Places Discussed

(Critical Guide to Settings and Places in Literature)

Hampstead, on the Finchley-road

Hampstead, on the Finchley-road. This lonely, isolated stretch of woods, near a crossroads leading to London, provides the first sighting of the woman in white by Walter Hartright, on the night before he leaves for Limmeridge House. In his conversation with her, she gives him the clues he needs months later to free Laura from the asylum after her husband has committed her.

Limmeridge House

Limmeridge House. Ancestral home on the Cumberland coast, with a view of Scotland, that belongs to Frederick Fairlie. Limmeridge House represents normalcy, security, and safety for Laura and her half sister Marian until Laura’s marriage to Percival Glyde. Hartright is employed to live here and give art lessons to Laura and Marian Halcombe. Hartright’s art lessons, happy days for the sisters, and an arranged marriage occur here. Limmeridge House is not a safe harbor during Laura’s marriage until the death of Glyde and his accomplice Count Fosco. Then Limmeridge House again becomes Marian and Laura’s home, as well as the home of her husband Walter Glyde and their son, the heir of Limmeridge House. The novel begins and ends at Limmeridge House.

Limmeridge School

Limmeridge School. School at which Laura Fairlie’s mother taught; located near Limmeridge House. Eleven years later, the school that Laura and Anne Catherick attended is still used. This is also the scene...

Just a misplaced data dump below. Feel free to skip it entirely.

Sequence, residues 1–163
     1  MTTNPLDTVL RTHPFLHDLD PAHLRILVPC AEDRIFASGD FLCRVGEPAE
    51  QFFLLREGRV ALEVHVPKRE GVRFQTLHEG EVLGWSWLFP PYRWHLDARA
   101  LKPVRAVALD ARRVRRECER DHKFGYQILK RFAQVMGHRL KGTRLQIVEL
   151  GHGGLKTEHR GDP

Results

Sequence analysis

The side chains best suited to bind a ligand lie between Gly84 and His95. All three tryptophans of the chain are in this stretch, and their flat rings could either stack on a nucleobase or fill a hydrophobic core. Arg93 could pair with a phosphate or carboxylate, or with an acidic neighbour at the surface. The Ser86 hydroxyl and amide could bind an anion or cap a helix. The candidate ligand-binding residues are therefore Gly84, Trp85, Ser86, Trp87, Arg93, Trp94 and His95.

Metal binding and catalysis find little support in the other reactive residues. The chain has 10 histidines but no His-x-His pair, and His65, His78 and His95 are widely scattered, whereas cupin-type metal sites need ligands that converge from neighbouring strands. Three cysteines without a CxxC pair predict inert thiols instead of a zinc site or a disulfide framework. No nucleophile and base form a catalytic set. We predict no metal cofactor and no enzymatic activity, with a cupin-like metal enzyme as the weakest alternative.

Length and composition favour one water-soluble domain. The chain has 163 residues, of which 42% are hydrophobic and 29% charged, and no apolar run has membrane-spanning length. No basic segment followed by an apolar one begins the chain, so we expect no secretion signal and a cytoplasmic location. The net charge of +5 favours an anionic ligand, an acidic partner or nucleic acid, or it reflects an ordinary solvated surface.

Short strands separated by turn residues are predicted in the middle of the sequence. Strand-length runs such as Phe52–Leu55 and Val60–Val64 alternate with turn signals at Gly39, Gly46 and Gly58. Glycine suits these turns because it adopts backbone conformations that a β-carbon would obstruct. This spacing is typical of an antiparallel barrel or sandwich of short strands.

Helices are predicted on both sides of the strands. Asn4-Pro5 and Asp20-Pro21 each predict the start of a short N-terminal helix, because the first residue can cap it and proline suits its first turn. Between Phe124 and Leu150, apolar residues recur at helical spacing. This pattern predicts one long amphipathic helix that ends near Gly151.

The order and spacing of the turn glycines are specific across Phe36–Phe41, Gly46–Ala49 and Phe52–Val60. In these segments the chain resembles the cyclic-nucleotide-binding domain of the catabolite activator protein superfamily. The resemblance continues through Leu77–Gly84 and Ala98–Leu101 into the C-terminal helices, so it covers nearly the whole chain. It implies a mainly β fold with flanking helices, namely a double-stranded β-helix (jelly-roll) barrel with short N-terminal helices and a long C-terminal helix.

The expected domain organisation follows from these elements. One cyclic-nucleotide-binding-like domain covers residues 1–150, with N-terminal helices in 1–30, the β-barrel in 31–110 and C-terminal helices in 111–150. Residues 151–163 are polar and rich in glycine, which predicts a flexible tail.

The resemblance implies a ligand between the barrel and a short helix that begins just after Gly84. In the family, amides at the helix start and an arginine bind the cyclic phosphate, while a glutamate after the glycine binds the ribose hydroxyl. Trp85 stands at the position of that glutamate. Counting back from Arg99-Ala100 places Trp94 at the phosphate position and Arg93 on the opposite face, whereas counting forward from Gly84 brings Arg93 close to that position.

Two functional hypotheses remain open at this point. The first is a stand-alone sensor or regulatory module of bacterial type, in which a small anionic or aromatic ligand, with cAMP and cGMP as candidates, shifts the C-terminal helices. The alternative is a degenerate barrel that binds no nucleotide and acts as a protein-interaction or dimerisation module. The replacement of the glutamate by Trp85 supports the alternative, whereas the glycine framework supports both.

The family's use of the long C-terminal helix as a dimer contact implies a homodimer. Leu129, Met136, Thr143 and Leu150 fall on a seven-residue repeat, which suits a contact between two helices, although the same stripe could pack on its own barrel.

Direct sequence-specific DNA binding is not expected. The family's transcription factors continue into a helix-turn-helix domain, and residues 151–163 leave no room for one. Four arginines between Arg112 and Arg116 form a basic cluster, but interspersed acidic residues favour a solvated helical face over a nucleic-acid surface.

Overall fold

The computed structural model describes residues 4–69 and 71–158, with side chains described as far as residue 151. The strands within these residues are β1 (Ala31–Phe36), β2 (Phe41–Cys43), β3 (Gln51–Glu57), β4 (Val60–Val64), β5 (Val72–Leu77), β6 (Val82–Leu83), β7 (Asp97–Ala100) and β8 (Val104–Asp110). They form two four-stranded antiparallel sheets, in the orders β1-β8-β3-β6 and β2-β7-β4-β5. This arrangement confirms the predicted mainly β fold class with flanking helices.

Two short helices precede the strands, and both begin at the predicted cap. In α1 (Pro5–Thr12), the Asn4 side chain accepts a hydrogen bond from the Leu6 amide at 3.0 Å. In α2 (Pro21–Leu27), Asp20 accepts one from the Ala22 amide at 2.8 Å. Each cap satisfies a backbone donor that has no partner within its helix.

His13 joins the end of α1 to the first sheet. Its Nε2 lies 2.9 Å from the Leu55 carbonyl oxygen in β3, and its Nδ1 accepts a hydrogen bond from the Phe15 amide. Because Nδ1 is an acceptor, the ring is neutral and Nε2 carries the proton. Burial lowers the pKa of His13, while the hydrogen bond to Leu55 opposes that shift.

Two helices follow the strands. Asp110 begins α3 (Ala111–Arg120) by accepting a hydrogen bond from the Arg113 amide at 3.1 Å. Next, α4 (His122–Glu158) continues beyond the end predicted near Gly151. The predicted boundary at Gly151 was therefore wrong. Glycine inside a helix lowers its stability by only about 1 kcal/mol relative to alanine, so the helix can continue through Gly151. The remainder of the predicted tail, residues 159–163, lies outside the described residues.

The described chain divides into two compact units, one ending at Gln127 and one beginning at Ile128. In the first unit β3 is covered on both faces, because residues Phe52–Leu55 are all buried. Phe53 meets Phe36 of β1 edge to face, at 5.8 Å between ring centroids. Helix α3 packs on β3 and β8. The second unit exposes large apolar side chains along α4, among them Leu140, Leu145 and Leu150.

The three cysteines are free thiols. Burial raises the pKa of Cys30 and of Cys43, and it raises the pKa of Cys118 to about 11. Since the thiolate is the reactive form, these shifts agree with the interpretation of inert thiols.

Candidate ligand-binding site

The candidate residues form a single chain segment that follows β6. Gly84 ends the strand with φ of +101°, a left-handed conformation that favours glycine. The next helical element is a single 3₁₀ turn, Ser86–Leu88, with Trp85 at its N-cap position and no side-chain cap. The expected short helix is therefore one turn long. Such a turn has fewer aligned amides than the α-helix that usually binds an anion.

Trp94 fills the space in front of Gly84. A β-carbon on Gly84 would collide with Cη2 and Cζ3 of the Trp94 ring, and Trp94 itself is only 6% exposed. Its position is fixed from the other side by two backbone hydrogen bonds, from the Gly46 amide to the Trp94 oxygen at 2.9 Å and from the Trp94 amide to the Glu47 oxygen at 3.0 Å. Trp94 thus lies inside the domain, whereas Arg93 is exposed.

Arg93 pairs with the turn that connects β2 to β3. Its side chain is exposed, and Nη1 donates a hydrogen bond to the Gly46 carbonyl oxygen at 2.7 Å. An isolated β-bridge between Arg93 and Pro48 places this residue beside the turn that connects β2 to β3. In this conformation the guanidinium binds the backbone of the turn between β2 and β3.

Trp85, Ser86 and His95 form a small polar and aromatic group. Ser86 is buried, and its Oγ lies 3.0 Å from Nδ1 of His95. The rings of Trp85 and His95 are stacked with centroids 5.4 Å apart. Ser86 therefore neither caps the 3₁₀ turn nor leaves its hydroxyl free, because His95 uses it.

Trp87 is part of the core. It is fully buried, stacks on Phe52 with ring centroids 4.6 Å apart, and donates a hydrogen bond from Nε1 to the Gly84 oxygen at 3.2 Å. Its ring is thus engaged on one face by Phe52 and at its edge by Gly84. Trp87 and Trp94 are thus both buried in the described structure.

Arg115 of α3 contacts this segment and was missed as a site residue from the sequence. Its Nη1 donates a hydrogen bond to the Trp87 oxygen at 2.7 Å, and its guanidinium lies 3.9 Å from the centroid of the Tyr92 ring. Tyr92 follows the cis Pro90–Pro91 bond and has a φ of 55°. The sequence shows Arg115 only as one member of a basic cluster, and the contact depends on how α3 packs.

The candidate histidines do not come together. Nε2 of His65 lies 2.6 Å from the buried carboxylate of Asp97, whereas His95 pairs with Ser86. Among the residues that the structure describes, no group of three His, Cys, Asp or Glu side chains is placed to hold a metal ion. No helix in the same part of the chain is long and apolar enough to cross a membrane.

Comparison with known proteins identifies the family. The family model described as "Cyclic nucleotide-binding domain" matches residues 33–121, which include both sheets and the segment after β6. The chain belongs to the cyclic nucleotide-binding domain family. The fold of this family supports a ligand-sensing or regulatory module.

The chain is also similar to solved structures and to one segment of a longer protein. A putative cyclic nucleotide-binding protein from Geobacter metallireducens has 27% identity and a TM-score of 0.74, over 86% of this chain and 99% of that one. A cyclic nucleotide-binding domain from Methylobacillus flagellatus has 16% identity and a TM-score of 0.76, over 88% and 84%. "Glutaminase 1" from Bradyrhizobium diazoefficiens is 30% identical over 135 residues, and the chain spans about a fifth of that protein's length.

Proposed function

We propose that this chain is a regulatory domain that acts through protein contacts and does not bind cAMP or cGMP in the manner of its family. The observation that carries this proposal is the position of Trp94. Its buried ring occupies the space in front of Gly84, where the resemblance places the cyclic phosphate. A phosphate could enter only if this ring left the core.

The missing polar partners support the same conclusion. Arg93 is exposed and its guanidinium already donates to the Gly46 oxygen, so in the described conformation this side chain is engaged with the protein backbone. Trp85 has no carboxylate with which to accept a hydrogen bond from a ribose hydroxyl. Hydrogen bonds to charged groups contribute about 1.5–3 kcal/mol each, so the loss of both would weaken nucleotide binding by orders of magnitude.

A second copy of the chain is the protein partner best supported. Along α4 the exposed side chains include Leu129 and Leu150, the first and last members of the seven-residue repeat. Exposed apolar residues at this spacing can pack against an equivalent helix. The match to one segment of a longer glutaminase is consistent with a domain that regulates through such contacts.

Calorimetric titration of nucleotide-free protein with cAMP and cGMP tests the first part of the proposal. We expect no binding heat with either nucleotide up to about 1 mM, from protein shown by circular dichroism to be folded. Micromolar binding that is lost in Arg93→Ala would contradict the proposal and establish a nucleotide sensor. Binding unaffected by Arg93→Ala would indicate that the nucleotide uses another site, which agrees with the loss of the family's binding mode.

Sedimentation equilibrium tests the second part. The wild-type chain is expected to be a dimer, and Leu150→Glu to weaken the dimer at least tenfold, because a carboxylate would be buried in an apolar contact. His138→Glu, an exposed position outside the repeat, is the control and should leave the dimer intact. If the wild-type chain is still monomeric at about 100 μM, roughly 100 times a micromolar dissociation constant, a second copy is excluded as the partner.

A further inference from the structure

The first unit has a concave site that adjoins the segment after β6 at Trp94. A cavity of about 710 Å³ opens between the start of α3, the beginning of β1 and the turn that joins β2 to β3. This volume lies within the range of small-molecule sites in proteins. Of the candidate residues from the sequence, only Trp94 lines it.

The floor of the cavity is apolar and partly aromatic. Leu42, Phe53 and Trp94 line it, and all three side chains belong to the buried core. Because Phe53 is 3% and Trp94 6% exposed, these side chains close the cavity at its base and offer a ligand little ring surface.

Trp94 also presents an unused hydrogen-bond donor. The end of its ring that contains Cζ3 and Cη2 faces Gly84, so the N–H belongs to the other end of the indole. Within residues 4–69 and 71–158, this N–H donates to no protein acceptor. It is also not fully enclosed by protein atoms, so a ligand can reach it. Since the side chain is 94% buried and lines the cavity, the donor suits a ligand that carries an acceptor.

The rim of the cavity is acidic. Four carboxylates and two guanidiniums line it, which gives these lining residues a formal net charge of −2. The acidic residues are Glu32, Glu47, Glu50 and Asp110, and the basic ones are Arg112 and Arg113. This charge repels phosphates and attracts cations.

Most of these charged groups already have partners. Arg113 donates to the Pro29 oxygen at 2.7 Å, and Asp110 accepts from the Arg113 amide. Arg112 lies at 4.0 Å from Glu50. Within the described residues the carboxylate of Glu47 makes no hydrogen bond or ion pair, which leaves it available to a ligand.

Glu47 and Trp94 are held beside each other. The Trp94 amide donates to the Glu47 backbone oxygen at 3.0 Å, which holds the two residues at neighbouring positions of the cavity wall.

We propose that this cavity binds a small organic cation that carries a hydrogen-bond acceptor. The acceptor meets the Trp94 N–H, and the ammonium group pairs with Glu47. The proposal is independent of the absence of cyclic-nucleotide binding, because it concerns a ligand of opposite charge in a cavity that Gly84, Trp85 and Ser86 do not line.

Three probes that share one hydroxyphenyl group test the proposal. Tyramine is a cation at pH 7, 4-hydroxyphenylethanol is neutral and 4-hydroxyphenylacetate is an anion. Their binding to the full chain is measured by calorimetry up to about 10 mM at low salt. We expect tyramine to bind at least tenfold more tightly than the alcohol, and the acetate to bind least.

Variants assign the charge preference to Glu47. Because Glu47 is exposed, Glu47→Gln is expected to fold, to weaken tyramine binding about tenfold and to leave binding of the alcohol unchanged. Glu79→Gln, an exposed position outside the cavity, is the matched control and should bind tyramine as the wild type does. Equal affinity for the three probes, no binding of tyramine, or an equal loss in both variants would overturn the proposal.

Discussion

(The entire section is 579 words.)


(Great Characters in Literature)

Caracciolo, Peter. “Wilkie Collins’ Divine Comedy: The Use of Dante in The Woman in White.” Nineteenth-Century Fiction 25, no. 4 (March, 1971): 383-404. Detailed and excellent analysis of the use of imagery in the novel, which offers a different view of the novelist.

Collins, Wilkie. The Woman in White. Edited by Harvey Peter Sucksmith. Oxford, England: Oxford University Press, 1980. A most accessible edition with a valuable bibliography and notes explaining vocabulary and the legal statutes of the era. Sucksmith’s introduction contains a good discussion of the Dauhault case that served as the probable source of inspiration for Collins.

Hyder, Clyde K. “Wilkie Collins and The Woman in White.” PMLA 54 (1939): 297-303. Discusses the stories about the real identity of the woman in white and debunks the myth that Wilkie Collins’ mistress served as the prototype.

Peters, Catherine. The King of Inventors: A Life of Wilkie Collins. Princeton, N.J.: Princeton University Press, 1993. Contains an extensive bibliography especially pertaining to the Collins family’s personal documents. Also provides an interesting discussion of the theme of identity in The Woman in White.

Symons, Julian. Mortal Consequences: A History from the Detective Story to the Crime Novel. New York: Harper and Row, 1972. Analyzes The Woman in White and discusses Collins’ role as one of the earliest masters of the suspense novel.